How to Cure a Hangover in Armenia? With Cow-Foot Soup
A recipe for the Armenian soup called khash, at its most basic, goes something like this: simmer cows’ hooves overnight. Serve.
Gelatinous beef trotters—flavored tableside with sinus-clearing add-ins like lemon, salt, vinegar, and raw garlic—may sound like the last thing you would reach for when nursing a hangover, but Armenians swear by khash’s panacean powers, particularly in the winter, when it’s customarily eaten. Across the small Caucasus nation, friends gather for morning-after khash feasts complete with ritualistic toasts and—as Anthony Bourdain discovered while shooting an upcoming episode of Parts Unknown—punishing hair-of-the-dog vodka shots.
“Khash parties are all-day affairs,” said Samvel Hovhannisyan, owner of Bureaucrat Café and Bookstore in Yerevan. “After you’ve eaten the soup in the morning and made the accompanying toasts—to the day, to the cooks, and to the guests, in that order—you drink and sing and dance like crazy. When people get hungry again, you might have a barbecue, followed by coffee and tea and sweets.”
Even the soup’s preparation is a production. The hooves must be plucked meticulously of any stray hairs and soaked in water for a day to remove impurities and funky odors. Then comes the cooking, an eight-hour simmer requiring hourly check-ins, lest the pot dry out. Khash-fueled breakfasts start around 9 a.m., which means cooks often literally lose sleep over the dish.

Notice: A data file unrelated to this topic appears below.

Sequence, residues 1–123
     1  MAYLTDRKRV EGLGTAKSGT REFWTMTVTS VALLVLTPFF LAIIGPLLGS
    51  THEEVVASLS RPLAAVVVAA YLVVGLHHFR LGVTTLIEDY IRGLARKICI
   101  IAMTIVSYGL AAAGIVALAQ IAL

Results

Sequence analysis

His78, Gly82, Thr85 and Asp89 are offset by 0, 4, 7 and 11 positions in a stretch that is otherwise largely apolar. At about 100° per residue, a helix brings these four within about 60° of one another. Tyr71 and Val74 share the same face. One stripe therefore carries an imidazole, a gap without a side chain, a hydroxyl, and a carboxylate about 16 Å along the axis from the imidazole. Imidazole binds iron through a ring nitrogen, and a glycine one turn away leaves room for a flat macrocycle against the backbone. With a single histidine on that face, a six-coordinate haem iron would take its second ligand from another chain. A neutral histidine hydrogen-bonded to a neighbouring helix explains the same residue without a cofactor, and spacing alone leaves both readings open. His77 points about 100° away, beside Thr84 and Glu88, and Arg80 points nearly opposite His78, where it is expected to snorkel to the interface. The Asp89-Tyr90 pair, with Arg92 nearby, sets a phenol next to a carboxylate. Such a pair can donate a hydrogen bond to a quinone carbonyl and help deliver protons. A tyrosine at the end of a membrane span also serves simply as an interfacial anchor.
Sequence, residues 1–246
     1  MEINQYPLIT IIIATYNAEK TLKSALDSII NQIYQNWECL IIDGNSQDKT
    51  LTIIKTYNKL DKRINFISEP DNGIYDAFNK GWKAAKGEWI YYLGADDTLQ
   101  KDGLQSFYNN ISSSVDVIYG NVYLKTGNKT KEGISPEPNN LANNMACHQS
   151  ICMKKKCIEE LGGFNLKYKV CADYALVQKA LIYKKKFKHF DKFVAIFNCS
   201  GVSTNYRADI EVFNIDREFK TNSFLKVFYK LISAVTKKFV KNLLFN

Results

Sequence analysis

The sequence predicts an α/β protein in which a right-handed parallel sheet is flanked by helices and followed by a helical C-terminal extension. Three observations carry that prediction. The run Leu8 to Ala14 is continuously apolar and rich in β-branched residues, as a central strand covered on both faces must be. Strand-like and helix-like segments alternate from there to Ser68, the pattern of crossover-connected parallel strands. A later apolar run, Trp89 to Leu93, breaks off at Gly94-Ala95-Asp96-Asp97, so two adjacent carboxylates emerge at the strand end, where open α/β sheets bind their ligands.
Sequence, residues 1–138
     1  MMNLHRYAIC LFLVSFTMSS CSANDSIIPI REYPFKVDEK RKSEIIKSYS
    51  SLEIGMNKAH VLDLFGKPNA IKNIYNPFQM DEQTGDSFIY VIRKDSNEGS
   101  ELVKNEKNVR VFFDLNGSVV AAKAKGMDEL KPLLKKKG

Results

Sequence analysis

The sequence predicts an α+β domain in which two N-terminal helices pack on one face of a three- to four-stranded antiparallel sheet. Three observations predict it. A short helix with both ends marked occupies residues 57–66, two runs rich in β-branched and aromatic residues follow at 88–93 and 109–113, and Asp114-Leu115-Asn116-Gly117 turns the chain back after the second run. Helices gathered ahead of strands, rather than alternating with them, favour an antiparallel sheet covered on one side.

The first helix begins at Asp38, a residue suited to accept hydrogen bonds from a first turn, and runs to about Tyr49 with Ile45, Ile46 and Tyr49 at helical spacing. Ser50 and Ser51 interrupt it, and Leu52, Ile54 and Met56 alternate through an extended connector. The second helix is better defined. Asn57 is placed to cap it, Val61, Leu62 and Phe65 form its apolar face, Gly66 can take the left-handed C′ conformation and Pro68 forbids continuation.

“It’s a sacrifice,” Hovhannisyan said. “That’s why the toast to the cook is so important.”
For the broth to remain white and nearly transparent, the mark of a well-made khash, Armenian cooks don’t add salt to the pot during cooking. It’s up to the end user how much salt and other traditional flavorings to mix into the finished soup. Armenians are known to add up to eight cloves’ worth of garlic to each portion. Two types of lavash, or flatbread, always grace the table: dry, for crumbling into the broth, and fresh, for draping over the bowl to seal in the heat. Purists, like Hovhannisyan, insist that fresh lavash—torn and folded for easy scooping—is the only acceptable utensil for eating khash, and that vodka, never wine or beer, is its only worthy sidekick.
Though khash is an ancient dish, mentioned in medieval Armenian texts as early as the twelfth century, the ceremonial fanfare surrounding it appears to be a relatively recent phenomenon.
“We haven’t found evidence that today’s khash rituals—the vodka drinking, the three toasts, the specific serving elements—were widespread or well-established before the Soviets arrived,” said Ruzanna Tsaturyan, a researcher for Armenia’s National Academy of Sciences at the Institute of Archaeology and Ethnography and for the 2018 Smithsonian Folklife Festival. She added that the few historical references that do exist characterize khash as wedding food.
That khash culture stems from ancient wedding traditions is one of many theories—and folktales. According to Hovhannisyan, some locals recount that a king popularized the dish after tasting it on a junket through the countryside, while others contend that the poor created khash out of necessity as the better cuts of meat were reserved for the rich.